UN on Kashmir observer mission: If they weren’t there, what would happen

UN on Kashmir observer mission: If they weren’t there, what would happen

The UN Assistant Secretary-General for Peacekeeping Operations, Bintou Keita, has defended the continued deployment of the nearly 70-year-old UN Military Observer Group in India and Pakistan (UNMOGIP) and other missions in “frozen conflicts”.

The question that should be asked is “if they are not there, what would happen”, she said on Wednesday answering a reporter who said the long-tenured missions like UNMOGIP were “sitting there doing nothing” and questioned their continuation, reports said.

Keita said that in reply to “the rhetoric that because there is no peace process moving they are doing nothing, I would say that we would need to reframe this because all the reduction of violence,… which can escalate actually, they are dealt with by the peacekeepers, by the mission”. She said that the missions are sometimes used as a “scapegoat” for the failures of the stakeholders — those involved in the conflict and those who should be resolving them.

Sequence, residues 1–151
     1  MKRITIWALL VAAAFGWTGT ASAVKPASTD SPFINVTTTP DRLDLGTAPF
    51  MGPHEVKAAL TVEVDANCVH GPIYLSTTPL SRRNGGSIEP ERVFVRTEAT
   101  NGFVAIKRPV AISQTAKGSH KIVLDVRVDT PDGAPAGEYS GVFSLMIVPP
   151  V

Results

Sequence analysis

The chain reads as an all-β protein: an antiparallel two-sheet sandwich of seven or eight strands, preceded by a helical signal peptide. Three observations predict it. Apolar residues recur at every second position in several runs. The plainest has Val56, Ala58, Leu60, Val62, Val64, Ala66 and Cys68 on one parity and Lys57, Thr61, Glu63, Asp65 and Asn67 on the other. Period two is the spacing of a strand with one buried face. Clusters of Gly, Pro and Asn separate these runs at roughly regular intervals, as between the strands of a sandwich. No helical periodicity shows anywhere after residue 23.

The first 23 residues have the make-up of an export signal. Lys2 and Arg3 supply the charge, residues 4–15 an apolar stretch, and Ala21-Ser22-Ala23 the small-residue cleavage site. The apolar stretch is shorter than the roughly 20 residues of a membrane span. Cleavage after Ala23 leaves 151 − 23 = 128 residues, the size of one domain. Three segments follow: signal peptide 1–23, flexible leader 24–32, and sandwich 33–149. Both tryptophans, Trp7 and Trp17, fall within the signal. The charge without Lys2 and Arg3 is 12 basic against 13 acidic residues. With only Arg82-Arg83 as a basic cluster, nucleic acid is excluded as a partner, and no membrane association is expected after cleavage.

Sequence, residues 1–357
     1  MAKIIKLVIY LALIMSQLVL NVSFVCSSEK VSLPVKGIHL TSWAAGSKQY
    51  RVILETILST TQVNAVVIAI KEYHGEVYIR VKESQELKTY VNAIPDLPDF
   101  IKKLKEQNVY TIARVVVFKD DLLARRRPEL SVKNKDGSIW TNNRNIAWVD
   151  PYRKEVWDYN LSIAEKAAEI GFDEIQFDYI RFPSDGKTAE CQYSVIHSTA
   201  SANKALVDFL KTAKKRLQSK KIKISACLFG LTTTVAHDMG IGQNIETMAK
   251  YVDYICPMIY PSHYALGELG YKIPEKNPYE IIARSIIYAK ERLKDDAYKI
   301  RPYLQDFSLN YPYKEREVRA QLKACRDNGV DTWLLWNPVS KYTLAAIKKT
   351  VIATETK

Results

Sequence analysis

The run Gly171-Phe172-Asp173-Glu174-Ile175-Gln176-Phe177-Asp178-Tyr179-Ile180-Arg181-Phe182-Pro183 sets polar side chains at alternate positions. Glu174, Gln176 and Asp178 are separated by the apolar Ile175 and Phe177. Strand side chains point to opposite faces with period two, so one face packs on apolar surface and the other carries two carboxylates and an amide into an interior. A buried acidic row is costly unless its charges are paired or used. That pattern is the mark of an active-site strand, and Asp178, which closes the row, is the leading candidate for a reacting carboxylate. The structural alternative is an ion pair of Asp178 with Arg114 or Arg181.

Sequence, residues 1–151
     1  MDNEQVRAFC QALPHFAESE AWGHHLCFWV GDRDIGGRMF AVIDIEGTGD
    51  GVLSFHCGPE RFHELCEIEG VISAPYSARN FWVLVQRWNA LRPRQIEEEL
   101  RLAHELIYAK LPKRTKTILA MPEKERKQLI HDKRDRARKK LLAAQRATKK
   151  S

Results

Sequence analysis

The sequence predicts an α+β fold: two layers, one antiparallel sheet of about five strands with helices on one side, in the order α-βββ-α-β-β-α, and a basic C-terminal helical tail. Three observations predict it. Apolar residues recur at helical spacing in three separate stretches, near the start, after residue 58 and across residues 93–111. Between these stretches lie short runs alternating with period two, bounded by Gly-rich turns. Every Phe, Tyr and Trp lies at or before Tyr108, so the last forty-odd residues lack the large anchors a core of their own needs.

“They are frozen because of the dynamics that are going on at the local, regional, sub-regional levels, which have to do with politics” and “the mission is a tool at one point to support the political process,” she said. Ways would have to be found to right the underlying causes of the conflict and “not what I will call sometime using the mission as a scapegoat”, she said, “because it is a shared responsibility so the performance of the mission has to be looked at with the performance of all the stakeholders.”

Besides the UNMOGIP, the reporter’s question referred to several other missions including the UNTSO in the Middle East set up in 1948, the UNFICYP in Cyprus in 1964, UDOF in the Golaan Heights in 1974 and the UNIFIL in Lebanon in 1978. In all those places the underlying conflicts have been “frozen”, persisting for decades with no resolution in sight. UNMOGIP was created out of 1948 Security Council resolutions and deployed in January 1949.

India considers the the UNMOGIP no longer relevant because of the 1972 Simla Agreement between Prime Minister Indira Gandhi and the then-President of Pakistan, Zulfikar Ali Bhutto, recognising that the disputes between the two countries should be dealt with bilaterally. In 2014, India took back the rent-free offices it had provided the UNMOGIP. The UN maintains that UNMOGIP could be ended only by the Security Council.

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    By: KN Web Desk

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